Hi,
I have abstract base class with some kids deriving from it. I want its kids to be concrete classes But I don't want to implement the all methods of the class. I'm trying to find a trick to go around doing this and I'm running out of thought on this. below is illustrative code of what I want to do.

Thanks for your help

class BaseDB {
	BaseDB();
	virtual ResultSet getResults()=0;
	virtual void setResults(std::string sql)=0;
	virtual void someMoreFunction()=0;

};


class FirstChild :public BaseDB {
	ResultSet getResults(){
		//do some stuffs
	}
	
	void setResults(std::string sql){
		//some more stuffs
	}
	
	//I don't want to implement someMoreFunction() in this class
}

class SecondChild :public BaseDB {
	ResultSet getResults(){
		//do some stuffs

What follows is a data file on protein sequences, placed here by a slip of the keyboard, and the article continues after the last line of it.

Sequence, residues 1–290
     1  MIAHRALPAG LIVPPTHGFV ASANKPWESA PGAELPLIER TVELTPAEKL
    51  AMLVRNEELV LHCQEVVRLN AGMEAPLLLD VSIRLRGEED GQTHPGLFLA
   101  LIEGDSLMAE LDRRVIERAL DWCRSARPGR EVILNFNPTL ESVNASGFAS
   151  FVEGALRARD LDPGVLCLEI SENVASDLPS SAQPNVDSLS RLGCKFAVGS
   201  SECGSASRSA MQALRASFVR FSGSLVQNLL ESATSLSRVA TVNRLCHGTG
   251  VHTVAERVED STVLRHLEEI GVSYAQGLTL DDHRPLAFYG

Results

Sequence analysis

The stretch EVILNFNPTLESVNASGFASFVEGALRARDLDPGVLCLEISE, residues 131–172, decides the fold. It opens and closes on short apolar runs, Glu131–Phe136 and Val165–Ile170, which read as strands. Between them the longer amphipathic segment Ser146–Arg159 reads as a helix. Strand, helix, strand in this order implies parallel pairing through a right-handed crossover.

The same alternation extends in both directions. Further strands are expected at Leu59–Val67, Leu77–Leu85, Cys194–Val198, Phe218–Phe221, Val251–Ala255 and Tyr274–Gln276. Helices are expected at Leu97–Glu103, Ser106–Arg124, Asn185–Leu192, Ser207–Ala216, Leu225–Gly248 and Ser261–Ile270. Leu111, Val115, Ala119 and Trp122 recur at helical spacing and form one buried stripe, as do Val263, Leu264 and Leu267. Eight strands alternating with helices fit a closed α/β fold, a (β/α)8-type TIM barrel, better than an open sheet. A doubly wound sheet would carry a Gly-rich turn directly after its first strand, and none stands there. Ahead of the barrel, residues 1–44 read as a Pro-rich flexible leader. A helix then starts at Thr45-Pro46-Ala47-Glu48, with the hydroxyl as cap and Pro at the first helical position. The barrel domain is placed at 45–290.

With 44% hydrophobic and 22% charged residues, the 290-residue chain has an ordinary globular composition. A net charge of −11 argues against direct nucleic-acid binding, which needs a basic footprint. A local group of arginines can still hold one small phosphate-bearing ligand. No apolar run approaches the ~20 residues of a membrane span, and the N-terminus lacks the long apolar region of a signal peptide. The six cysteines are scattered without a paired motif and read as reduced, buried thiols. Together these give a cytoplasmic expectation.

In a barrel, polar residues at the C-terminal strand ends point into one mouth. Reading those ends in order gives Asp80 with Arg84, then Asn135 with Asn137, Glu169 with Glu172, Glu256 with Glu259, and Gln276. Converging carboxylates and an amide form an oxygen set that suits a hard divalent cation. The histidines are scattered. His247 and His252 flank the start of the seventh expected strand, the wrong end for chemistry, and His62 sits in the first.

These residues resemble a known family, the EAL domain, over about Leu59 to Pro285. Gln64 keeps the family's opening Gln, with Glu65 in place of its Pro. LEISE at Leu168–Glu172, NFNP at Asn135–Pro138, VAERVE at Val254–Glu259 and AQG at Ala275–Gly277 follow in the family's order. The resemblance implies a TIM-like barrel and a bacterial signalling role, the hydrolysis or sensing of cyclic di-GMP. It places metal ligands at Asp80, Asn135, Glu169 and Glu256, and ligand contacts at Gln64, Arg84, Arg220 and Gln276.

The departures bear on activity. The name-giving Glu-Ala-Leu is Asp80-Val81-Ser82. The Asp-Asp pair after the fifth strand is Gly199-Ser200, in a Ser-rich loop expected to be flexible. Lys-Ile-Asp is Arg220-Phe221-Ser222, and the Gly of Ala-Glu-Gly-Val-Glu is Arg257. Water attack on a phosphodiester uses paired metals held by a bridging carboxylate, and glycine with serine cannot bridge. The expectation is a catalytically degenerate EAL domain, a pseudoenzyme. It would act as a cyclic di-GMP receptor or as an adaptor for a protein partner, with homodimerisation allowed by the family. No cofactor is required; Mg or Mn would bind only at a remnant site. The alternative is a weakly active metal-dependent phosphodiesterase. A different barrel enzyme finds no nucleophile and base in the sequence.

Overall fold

}
	
	void someMoreFunction(){
		//some more stuffs
	}
	
	//I don't want to implement setResults(std::string sql) in this class
}

What do you want to happen when you do this?

SecondChild sc;
sc.setResults("foo");

and how do you want what happens to differ from what happens when you do this?

BaseDB b;
b.setResults("foo");

In both cases, you're trying to call a member function that isn't defined.

>I want its kids to be concrete classes But I don't want to implement the all methods of the class.
Oddly enough we just had a discussion about this. You can make the "optional" member functions simply virtual instead of pure virtual (all with no-op bodies). Then include a pure virtual destructor in the base class to make it abstract if there are no more pure virtuals left in the base class.

It's not a perfect solution, but depending on your actual needs as opposed to the description you've given, it may be suitable.

What do you want to happen when you do this?